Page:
Juuuuuust a little short. That’s the Department of Revenue’s projection of Mark Dayton’s proposed new tax on the wealthiest Minnesotans. “Short” as in … not even half of what’s needed. Tom Scheck at MPR writes: “Dayton requested the analysis after he pledged to not raise the rate higher than the top rate in the nation (Hawaii’s rate is 11%). The Revenue Department said increasing the state’s top rate from 7.85% to 10.95% would produce $1,899,300,000 in new revenue in the next two-year budget. Dayton’s campaign spokeswoman Katie Tinucci said in a news release that the results show the campaign needs to find more revenue and additional spending cuts to balance a projected $5.8 billion budget deficit.” Uh-huh. Well, you get right on that.
While we wonder why Dayton has been running around tossing out specific-sounding figures without having (apparently) done his own serious projections, it’s still several rungs higher up the ladder of logic than Tom Emmer, who introduced his budget plan Tuesday to a baffled press corps. MinnPost’s Jay Weiner reports: “Emmer proposes trimming higher education funding by more than $400 million from the state’s projected 2012-2013 budget. And he showed that his health and human services budget would cut $2.25 billion from state projections. And state aid to local governments would get trimmed by more than $1 billion. And state agencies would get reduced by more than $700 million. He called these his ‘spending targets.’ ” Weiner tells of KSTP’s Tom Hauser looking at Emmer’s numbers: “ ‘So, just to be clear,’ Hauser asked politely, ‘we know the numbers that you’re trying to get to — we just don’t know exactly how you’re going to get there.’ Poetic. Replied Emmer, ‘I suppose that’s one way of looking at it. The other way of saying it is we are respecting the process at the same time.’ By process, he meant the give and take with the Legislature. But his bottom line. ‘You’re going to have to live within your means … If we’re in the governor’s office, obviously, we will provide detail.’ ” If your eyes have rolled back in your head at this point, you’re not having a seizure. It’s just Tea Party math.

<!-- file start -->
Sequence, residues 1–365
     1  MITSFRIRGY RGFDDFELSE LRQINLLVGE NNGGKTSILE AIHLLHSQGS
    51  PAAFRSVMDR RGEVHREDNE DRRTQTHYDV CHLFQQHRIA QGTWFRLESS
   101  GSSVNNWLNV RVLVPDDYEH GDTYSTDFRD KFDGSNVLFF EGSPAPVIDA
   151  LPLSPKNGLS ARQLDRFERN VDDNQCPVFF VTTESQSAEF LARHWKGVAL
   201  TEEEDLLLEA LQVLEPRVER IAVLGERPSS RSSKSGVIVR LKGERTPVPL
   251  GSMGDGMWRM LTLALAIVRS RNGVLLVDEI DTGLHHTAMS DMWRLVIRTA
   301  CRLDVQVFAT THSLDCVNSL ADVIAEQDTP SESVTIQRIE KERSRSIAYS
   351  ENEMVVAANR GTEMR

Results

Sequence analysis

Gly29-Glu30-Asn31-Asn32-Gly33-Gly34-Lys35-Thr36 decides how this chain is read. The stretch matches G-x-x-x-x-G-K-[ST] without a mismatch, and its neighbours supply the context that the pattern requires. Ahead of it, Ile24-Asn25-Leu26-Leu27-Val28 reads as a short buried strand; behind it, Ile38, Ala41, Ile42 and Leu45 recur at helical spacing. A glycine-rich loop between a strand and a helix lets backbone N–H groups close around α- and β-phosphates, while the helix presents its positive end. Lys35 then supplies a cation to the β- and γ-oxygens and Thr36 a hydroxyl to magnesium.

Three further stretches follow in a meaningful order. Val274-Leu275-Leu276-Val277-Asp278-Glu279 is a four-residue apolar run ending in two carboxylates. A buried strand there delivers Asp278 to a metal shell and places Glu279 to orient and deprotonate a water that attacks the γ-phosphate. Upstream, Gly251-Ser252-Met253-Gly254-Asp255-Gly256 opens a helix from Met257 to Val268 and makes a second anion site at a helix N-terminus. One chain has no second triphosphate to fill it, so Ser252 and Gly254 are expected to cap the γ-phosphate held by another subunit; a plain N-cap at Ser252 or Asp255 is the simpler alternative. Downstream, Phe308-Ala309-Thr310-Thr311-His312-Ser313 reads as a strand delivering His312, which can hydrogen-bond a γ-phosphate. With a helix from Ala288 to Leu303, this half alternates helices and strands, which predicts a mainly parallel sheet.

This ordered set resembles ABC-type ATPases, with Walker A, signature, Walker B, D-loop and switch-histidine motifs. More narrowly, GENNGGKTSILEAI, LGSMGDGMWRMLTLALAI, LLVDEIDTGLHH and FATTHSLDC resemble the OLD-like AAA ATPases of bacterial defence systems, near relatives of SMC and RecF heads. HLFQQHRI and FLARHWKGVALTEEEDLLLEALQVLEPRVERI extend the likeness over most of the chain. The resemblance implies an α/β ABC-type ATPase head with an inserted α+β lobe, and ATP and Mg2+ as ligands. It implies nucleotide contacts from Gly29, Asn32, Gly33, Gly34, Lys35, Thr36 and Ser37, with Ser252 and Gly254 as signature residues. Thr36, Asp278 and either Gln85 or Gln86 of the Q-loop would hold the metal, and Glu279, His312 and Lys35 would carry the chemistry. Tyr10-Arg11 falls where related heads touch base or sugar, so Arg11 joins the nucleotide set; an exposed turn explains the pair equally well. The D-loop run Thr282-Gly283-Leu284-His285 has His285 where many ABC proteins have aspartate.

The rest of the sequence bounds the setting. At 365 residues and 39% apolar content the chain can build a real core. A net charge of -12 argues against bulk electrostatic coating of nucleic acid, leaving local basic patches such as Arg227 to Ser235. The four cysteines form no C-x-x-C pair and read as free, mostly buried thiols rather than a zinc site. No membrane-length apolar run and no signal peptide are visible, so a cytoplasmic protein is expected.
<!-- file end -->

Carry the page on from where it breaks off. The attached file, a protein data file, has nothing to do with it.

Former President Bill Clinton was in town for Mark Dayton last night. Tom Halden of Fox9 files a report on all three gubernatorial candidates, getting (do you have to ask?) Larry Jacobs of the Humphrey Institute to say: “ ‘More of the Democrats, the moderate Democrats, they’re going to tilt more toward Horner.’ And if Horner was not in the race, they’d be voting for Dayton.” In Brian Bakst’s AP story, he reports: “During a Democratic fundraiser Tuesday night in Minneapolis, Clinton said there’s no mistaking that Republicans have tacked hard right. He said a lot of the party’s candidates this year would make even former President George W. Bush ‘look like a liberal.’ “ It’d be reassuring if you could call that a gross exaggeration.